Area of tension reinforcement A_{s1} = M_{Ed} / (0.87f_{yk} z)

A_{s1} = M_{Ed} / (0.87f_{yk} z) = (15.815 × 10^{6}) / (0.87 × 500 × 0.95 × 209) = 183 mm^{2}

Provide 2H12 Bot (A_{Sprov} = 226 mm^{2})

**Check for deflection**

ρ = A_{s,req} /bd = 183 / (500 × 209) = 0.00175

ρ_{0} = reference reinforcement ratio = 10^{-3}√(f_{ck}) = 10^{-3}√(30) = 0.00547

Since ρ ≤ ρ_{0};

L/d = k [11 + 1.5√(f_{ck}) ρ_{0}/ρ + 3.2√(f_{ck}) (ρ_{0} / ρ – 1)^{(3⁄2)}]

k = 1.3

L/d = 1.3 [11 + 1.5√(30) × (0.00547/0.00175) + 3.2√(30) × [(0.00547 / 0.00175) – 1]^{(3⁄2)}]

L/d = 1.3[11 + 25.68 + 54.321] = 118.3

β_{s} = (500 As_{prov})/(f_{yk} As_{req}) = (500 × 226) / (500 × 183) = 1.23

beff/bw = 500/150 = 3.33

Therefore multiply basic length/effective depth ratio by 0.8

Therefore limiting L/d = 1.23 × 0.8 × 118.3 = 116.41

Actual L/d = 6000/209 = 28.708

Since Actual L/d (28.708) < Limiting L/d (116.41), deflection is satisfactory.

**Design of Support 2;**

M_{Ed} = 18.134 kN.m

Effective depth (d) = h – C_{nom} – ϕ/2 – ϕ_{links}

Assuming ϕ12 mm bars will be employed for the main bars, and ϕ10 mm bars for the stirrups (links)

d = 250 – 25 – (12/2) -10 = 209 mm

k = M_{Ed}/(f_{ck}bd^{2}) = (18.134 × 10^{6})/(30 × 150 × 209^{2}) = 0.0922

Since k < 0.167, no compression reinforcement required

z = d[0.5+ √(0.25 – 0.882k)]

k = 0.092

z = d[0.5+ √((0.25 – 0.882(0.092))] = 0.91d

Area of tension reinforcement A_{s1} = M_{Ed} / (0.87f_{yk} z)

A_{s1} = M_{Ed} / (0.87f_{yk} z) = (18.134 × 10^{6}) / (0.87 × 500 × 0.91 × 209) = 219 mm^{2}

Provide 2H12 Top (A_{Sprov} = 226 mm^{2})**Shear Design ****Maximum shear force in the rib** V_{Ed} = 0.6F = 0.6 × 35.145 = 21.087 kN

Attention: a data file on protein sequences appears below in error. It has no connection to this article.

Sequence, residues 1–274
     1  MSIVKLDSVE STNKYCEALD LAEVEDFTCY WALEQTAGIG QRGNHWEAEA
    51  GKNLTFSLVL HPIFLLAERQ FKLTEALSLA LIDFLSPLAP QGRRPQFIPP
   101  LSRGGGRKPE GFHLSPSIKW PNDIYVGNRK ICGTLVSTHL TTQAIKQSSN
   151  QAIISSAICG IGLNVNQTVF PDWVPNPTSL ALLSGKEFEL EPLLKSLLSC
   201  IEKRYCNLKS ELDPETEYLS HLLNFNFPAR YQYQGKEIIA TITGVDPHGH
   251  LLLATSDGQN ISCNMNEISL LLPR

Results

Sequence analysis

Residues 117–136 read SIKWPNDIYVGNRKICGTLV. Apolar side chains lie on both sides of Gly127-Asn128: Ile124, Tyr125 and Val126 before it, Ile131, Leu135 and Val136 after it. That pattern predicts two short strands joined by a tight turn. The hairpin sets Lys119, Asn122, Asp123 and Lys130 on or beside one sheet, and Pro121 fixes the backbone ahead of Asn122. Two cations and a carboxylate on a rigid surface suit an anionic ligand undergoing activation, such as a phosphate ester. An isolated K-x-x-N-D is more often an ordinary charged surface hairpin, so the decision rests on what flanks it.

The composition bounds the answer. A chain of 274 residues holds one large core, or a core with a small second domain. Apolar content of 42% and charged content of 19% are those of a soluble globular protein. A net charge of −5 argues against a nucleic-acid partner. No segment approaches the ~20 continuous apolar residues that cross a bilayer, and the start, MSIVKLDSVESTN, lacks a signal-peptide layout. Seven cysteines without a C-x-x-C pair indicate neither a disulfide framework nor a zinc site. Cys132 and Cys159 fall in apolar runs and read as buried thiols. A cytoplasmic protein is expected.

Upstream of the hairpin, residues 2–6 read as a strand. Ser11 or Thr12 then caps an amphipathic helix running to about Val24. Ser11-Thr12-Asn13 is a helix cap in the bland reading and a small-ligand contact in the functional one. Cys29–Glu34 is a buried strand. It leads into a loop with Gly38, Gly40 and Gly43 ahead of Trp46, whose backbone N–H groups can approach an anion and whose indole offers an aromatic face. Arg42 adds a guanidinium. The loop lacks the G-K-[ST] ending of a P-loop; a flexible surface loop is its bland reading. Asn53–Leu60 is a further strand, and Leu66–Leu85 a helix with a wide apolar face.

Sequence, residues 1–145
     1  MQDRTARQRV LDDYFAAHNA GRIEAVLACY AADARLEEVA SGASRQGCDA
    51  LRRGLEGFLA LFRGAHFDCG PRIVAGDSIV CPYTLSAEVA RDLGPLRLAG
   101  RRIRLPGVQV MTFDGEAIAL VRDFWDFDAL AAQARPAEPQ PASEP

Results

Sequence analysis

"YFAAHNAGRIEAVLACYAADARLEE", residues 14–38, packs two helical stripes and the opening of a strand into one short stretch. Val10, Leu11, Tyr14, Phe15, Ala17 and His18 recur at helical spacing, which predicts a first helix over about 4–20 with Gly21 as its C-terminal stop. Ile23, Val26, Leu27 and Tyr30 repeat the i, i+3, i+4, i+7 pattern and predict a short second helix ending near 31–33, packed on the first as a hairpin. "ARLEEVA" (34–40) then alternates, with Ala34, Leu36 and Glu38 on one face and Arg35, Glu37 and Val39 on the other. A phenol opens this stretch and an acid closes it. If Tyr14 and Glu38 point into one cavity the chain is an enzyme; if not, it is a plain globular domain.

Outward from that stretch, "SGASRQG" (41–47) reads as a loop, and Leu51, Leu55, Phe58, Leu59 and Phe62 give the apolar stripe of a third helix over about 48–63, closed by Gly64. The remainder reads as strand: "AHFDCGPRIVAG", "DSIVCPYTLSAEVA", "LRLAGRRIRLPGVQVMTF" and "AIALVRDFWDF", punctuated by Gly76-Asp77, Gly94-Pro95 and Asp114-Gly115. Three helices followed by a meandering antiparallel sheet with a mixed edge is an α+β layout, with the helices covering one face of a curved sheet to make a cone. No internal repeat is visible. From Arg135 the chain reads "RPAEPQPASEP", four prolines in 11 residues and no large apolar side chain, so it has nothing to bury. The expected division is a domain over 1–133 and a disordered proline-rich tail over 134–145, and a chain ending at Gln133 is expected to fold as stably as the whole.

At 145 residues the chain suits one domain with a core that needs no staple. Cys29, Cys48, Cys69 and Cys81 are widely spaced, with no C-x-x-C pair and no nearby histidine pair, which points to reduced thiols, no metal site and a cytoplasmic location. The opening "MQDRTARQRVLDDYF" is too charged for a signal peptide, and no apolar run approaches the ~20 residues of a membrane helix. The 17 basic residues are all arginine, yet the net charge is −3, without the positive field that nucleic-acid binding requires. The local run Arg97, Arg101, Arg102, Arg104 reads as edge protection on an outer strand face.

V_{Rd,c} = [C_{Rd,c}.k.(100ρ_{1} f_{ck})^{(1/3)} + k_{1}.σ_{cp}]b_{w}.d ≥ (V_{min} + k_{1}.σ_{cp}) b_{w}.d

C_{Rd,c} = 0.18/γ_{c} = 0.18/1.5 = 0.12

k = 1 + √(200/d) = 1 + √(200/209) = 1.97 < 2.0, therefore, k = 1.97

V_{min} = 0.035k^{(3/2)} f_{ck}^{0.5}

V_{min} = 0.035 × (1.97)^{1.5} × 30^{0.5} = 0.53 N/mm^{2}

ρ_{1} = As/bd = 226/(150 × 209) = 0.0072 < 0.02; Therefore take 0.0072

V_{Rd,c} = [0.12 × 1.97 (100 × 0.0072 × 30 )^{(1/3)}] × 150 × 209 = 20639.67 N = 20.639 kN

Since V_{Rd,c} (20.639 kN) < V_{Ed} (21.087 kN), shear reinforcement is required.

The compression capacity of the compression strut (V_{Rd,max}) assuming θ = 21.8° (cot θ = 2.5)

V_{Rd,max} = (b_{w}.z.v_{1}.f_{cd}) / (cotθ + tanθ)

V_{1} = 0.6(1 – f_{ck}/250) = 0.6(1 – 30/250) = 0.528

f_{cd} = (α_{cc} f_{ck}) / γ_{c} = (0.85 × 30) / 1.5 = 17 N/mm^{2}

Let z = 0.9d

V_{Rd,max }= [(150 × 0.9 × 209 × 0.528 × 17) / (2.5 + 0.4)] × 10^{-3} = 87.333 kN

Since < V_{Ed} < V_{Rd,c} < V_{Rd,max}_{}Hence A_{sw} / S = V_{Ed} / (0.87 F_{yk} z cot θ) = 21087 / (0.87 × 500 × 0.9 × 209 × 2.5 ) = 0.103

**Minimum shear reinforcement;**

A_{sw} / S = ρ_{w,min} × b_{w} × sinα (α = 90° for vertical links)

ρ_{w,min} = (0.08 × √(f_{ck})) / f_{yk} = (0.08 × √30) / 500 = 0.000876

A_{sw}/S_{min} = 0.000876 × 150 × 1 = 0.131

Maximum spacing of shear links = 0.75d = 0.75 × 209 = 156.75 mm

Provide H8mm @ 150 mm c/c as shear links.

**Slab Topping**

A142 BRC Mesh can be provided or H8 @ 250mm c/c

For more information on design and consultancy to accomplish the most challenging design brief, contact the author on info@structville.com. Thank you, and God bless you.

Weldone bro

Thank you very much.

Good work here Engr..

Good job!

Thank you very much. !

Please is it possible to have a slab of 9.9m width by 52.4m that will carry another slab and partitions up with out any supporting columns aside from the ones on the perimeter walls.

Yes it is possible.